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US Optometry Board accommodates Sikh student’s Dastar, Allows him to use alternative instruments

May 14, 2013 | By

New York, USA (May 13, 2013): According to a release by the Sikh Coalition the US National Board of Examiners in Optometry (NBEO) provided Ampreet Singh, a Sikh optometry student, a religious accommodation to use a non-standardized optometry instrument — allowing him to wear his turban — to complete the clinical skills portion of the national licensing examination. Recently, Mr. Singh successfully passed the exam, as well as the clinical skills evaluation, with a near perfect score.

The national exam, which consists of three parts, requires optometry students to wear a head-mounted binocular indirect ophthalmoscopy instrument (BIO) for the clinical portion. However, Mr. Singh, because of his religiously-mandated turban, was unable to wear the head-mounted BIO. He requested a religious accommodation to wear an alternative but functionally equivalent spectacle-mounted BIO.

Mr. Singh successfully used the spectacle-mounted BIO throughout optometry school. The NBEO, nevertheless, denied Mr. Singh’s accommodation request, citing concerns about standardization and asked him to proceed with the exam without completing the clinical portion. As skipping the clinical portion would have significantly decreased Mr. Singh’s chances of passing the exam, he refused and contacted the Sikh Coalition.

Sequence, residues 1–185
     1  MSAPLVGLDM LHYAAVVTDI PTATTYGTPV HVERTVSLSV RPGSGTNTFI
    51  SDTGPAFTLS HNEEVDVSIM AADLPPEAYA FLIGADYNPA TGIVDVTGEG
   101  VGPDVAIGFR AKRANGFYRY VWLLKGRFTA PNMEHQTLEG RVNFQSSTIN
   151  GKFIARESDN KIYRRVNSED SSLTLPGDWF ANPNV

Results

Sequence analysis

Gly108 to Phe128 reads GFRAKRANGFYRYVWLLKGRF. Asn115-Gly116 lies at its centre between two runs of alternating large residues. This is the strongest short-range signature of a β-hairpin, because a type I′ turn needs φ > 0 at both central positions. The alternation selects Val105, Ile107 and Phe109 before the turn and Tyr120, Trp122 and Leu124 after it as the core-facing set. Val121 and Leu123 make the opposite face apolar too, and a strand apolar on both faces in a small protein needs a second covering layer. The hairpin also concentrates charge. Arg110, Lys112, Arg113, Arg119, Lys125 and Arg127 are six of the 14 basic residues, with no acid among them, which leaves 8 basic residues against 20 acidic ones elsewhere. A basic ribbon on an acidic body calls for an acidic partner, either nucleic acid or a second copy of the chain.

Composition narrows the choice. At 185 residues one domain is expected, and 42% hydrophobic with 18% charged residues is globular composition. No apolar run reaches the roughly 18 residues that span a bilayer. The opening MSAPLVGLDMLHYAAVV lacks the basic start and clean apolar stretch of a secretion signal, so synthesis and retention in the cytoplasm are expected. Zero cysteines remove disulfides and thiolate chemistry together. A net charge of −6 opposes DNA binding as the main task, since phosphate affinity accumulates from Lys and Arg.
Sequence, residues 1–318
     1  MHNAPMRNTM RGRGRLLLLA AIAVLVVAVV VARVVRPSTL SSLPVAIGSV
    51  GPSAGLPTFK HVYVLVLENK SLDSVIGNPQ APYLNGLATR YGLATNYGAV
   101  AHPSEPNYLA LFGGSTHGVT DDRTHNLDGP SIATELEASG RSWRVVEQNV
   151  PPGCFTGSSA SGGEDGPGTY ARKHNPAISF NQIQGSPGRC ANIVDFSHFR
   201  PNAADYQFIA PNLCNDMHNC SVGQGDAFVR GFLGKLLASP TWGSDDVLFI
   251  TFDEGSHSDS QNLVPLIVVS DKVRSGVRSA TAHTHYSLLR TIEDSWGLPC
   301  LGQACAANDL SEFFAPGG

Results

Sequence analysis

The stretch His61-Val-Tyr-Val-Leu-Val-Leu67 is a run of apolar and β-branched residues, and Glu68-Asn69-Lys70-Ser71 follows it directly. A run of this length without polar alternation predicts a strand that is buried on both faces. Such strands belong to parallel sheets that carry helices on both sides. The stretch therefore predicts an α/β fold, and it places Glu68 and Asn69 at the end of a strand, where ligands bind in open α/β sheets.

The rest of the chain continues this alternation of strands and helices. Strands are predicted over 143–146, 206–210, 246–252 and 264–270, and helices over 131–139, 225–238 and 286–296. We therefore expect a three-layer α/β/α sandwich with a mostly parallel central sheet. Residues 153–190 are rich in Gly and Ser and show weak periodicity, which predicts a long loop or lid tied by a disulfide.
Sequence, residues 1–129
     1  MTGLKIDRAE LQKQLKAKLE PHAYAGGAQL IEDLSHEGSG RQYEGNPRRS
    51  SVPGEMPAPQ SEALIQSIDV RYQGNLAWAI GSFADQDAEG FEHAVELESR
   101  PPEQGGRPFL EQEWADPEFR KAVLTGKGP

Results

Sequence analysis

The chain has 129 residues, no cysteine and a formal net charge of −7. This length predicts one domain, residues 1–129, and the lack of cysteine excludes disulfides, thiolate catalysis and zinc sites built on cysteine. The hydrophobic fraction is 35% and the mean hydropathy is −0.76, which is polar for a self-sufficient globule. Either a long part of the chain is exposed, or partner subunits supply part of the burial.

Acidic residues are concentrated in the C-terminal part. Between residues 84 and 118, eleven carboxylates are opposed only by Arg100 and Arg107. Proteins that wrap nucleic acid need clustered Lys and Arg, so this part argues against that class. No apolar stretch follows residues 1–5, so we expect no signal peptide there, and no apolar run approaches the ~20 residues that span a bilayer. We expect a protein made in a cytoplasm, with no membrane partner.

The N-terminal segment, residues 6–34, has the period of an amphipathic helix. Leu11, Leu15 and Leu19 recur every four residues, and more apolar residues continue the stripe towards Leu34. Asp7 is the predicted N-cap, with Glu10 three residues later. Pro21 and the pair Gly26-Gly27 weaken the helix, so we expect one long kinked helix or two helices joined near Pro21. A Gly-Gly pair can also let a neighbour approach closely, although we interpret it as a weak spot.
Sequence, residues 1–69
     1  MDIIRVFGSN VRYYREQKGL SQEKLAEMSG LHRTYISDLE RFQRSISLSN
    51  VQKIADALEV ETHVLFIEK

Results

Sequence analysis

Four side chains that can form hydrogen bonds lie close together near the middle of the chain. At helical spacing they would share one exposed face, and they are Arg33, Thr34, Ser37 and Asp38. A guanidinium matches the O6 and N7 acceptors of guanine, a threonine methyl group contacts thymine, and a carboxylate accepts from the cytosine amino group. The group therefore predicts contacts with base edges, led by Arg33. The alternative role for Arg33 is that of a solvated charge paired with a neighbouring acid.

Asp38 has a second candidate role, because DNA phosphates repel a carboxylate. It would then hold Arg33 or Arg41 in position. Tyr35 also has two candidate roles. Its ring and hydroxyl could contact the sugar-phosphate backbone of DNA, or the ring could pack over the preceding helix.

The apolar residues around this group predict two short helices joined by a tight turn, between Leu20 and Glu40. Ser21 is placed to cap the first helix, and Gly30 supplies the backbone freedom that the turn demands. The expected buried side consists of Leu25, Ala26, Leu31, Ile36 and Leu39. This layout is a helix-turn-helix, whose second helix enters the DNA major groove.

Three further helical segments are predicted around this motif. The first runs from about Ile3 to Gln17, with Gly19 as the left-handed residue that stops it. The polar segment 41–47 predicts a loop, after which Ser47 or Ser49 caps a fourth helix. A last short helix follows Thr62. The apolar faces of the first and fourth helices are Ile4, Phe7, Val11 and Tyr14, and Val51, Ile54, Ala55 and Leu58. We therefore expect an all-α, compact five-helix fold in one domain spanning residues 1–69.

The Sikh Coalition advocated for Mr. Singh extensively. Initially, the NBEO refused to agree to a workable solution. After months of negotiations, the NBEO finally agreed to allow Mr. Singh to wear the spectacle-mounted BIO instrument and graded him on-site through the use of a teaching mirror and a proctor. This accommodation allowed him to complete the practical portion of his board examination while wearing his turban.

“We applaud the NBEO’s decision to provide Mr. Singh with a suitable accommodation consistent with his religious rights under state and federal law. It is alarming that the hurdle Mr. Singh faced in his career was not a difficult examination or coursework but the initial failure of a national licensing board to accommodate his religious beliefs. This accommodation embraces diversity in the optometry profession and will pave the way for other Sikhs,” said Gurjot Kaur, Staff Attorney.

Ampreet Singh is presently completing his last externship and is set to graduate this month. He will begin his residency in optometry in July. We wish him the best of success and re-affirm our commitment that no person should ever have to choose between his or her career and faith.

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